A Brief Review of
An American Gospel: On Family, History, and the Kingdom of God
by Erik Reece.
Reviewed by Chris Smith
An American Gospel:
On Family, History, and the Kingdom of God.
Hardcover: Riverhead Books, 2009.
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Erik Reece’s An American Gospel is a rich and poignant memoir of the author’s theological grappling. Reece was raised in a family of Christian fundamentalists, including a father who at age 33 was driven to suicide by the lethal combination of bipolar disorder and an oppressive, fundamentalist Christian faith that he saw as “a set of rules meant to inflict self-loathing”(32). When he himself reached the age of 33, Reece also hit a low point, having reached, in some sense, the end of religion and was compelled to launch out on a spiritual quest of his own. An American Gospel tells the story of that journey and the solace he found in the writings of William Byrd, Thomas Jefferson, Ralph Waldo Emerson and Walt Whitman, as well as the Gospel of Thomas. Reece’s wanderings have uncovered some deep truths about the religious psyche of the American people, revealing a faith that, although deeply literate in the Christian scriptures and tradition, is not in any orthodox sense, Christian. The story that he tells here is one that will resonate with many in the postmodern generations, pointing the way past that place where religion has broke down for the final time is left discarded on the side of the road. The narrative of Reece’s life that we encounter here and the American faith that he uncovers, is striking in that it is deeply rooted in the history and ethos of a place, and has at its heart a rich concern for being at peace with all creation. In these ways, Reece’s gospel is perhaps more Christ-like – and worthy of the Church’s attention – than most interpretations that explicitly bear the name of Christ. Although the gospel that Reece reveals here is not that of orthodox Christianity, his work is well-worth the Church’s attention for its eloquent critiques of Christianity as a religion (see the above review of Greg Boyd’s The Myth of the Christian Religion) and for the careful historical and literary work that he done in exploring the religious character of the American people.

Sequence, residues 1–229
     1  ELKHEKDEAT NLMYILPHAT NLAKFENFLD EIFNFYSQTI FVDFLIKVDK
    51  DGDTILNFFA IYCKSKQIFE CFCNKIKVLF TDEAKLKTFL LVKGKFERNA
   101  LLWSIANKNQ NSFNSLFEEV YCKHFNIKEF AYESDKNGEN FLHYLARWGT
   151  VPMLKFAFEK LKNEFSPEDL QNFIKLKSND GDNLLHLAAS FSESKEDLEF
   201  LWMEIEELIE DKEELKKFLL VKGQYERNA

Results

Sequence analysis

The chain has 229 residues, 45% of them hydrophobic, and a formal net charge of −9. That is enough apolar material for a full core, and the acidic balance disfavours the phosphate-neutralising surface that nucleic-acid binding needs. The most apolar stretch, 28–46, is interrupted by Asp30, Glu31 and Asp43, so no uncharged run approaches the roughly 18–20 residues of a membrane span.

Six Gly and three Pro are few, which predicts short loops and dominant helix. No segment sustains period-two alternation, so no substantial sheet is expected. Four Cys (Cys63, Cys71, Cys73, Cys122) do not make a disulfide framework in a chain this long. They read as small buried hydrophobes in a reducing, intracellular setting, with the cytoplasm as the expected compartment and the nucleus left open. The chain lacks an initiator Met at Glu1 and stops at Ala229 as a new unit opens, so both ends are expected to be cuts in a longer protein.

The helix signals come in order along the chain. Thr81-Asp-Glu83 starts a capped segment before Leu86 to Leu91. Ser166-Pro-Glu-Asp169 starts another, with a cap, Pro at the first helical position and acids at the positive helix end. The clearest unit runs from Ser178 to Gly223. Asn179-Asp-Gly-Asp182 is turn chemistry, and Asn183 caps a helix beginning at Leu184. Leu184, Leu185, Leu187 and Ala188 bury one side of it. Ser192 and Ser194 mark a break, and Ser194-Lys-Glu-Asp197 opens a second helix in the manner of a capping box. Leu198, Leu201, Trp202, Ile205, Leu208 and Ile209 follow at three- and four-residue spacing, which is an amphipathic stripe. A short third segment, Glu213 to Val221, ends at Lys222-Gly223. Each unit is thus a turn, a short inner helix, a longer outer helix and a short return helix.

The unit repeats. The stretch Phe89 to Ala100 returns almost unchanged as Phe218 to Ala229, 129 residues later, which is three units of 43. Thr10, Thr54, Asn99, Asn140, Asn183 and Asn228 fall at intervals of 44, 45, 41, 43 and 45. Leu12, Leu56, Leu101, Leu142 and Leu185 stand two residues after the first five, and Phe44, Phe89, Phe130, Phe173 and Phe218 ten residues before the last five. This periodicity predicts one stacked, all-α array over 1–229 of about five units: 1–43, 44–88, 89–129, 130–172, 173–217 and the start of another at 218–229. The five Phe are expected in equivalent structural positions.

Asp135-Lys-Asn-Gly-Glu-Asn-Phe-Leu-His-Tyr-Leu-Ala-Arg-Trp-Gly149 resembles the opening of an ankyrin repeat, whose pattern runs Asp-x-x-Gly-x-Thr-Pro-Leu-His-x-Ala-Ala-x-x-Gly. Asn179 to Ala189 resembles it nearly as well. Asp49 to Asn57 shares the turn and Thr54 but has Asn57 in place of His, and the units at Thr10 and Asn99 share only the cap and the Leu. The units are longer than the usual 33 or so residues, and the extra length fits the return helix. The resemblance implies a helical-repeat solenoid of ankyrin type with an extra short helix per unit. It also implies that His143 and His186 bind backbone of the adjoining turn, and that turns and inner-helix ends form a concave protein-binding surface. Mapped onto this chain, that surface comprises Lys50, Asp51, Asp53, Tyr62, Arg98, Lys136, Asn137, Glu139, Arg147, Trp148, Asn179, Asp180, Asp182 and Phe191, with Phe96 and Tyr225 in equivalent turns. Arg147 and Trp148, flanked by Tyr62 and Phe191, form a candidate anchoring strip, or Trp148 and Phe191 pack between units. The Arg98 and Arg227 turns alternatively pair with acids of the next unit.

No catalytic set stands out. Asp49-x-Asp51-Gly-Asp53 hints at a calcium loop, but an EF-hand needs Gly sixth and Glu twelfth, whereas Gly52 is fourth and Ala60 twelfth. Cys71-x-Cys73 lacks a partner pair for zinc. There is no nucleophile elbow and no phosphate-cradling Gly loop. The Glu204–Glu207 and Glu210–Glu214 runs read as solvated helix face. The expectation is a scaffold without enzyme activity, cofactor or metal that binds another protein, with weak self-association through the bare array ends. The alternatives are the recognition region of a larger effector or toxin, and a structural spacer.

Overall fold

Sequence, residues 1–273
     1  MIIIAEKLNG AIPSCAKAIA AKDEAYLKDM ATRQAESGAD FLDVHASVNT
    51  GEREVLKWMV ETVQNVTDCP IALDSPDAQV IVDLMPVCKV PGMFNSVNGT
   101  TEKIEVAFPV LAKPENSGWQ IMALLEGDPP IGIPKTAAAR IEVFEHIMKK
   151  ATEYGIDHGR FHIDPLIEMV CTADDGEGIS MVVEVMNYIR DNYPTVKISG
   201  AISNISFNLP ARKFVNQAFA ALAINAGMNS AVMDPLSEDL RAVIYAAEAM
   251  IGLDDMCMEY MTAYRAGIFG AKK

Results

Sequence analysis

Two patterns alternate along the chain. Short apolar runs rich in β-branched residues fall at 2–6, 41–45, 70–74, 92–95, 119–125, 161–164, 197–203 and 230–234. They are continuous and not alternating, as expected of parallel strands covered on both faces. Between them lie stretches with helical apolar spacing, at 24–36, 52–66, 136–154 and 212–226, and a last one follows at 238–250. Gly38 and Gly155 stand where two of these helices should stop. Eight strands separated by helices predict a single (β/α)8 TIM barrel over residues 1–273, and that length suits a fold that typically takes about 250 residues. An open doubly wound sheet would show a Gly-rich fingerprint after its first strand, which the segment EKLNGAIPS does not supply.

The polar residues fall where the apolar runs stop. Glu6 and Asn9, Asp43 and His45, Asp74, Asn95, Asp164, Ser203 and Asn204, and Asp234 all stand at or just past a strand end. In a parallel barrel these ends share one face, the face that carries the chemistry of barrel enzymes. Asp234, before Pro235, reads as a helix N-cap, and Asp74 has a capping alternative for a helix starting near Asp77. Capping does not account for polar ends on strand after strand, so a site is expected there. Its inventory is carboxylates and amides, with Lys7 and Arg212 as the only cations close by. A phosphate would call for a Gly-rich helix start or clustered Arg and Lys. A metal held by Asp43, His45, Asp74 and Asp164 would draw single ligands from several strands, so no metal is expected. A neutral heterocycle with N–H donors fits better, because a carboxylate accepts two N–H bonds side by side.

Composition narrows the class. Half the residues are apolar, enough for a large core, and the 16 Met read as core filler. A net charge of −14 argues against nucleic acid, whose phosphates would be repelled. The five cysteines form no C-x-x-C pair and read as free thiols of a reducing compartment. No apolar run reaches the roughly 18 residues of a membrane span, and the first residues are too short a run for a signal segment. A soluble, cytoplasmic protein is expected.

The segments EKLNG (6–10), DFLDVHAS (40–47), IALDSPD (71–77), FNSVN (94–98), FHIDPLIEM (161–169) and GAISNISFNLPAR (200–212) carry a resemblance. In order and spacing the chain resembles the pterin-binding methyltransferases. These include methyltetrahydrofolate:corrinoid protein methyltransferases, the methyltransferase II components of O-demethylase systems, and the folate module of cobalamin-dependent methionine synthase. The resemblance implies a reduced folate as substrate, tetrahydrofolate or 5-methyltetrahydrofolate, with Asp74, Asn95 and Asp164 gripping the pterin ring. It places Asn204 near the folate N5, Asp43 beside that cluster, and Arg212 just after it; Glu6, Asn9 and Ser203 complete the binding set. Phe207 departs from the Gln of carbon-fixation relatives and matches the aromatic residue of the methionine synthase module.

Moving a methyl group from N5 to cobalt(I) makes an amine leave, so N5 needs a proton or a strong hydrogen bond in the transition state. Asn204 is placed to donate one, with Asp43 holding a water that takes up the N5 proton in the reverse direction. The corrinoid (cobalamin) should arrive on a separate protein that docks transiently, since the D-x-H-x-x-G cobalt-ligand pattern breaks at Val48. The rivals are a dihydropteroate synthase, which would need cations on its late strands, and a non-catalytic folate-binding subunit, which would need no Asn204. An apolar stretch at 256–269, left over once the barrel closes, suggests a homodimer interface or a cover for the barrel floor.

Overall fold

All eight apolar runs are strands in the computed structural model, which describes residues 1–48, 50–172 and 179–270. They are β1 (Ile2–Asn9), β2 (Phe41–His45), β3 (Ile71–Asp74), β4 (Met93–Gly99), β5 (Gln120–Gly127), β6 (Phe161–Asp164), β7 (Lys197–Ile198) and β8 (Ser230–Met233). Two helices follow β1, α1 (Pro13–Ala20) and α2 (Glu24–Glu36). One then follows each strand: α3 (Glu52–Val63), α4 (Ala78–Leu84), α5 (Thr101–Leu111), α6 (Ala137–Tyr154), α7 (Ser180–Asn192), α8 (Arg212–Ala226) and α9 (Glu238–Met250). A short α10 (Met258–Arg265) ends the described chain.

C. Christopher Smith is the founding editor of The Englewood Review of Books. He is also author of a number of books, including most recently How the Body of Christ Talks: Recovering the Practice of Conversation in the Church (Brazos Press, 2019). Connect with him online at: C-Christopher-Smith.com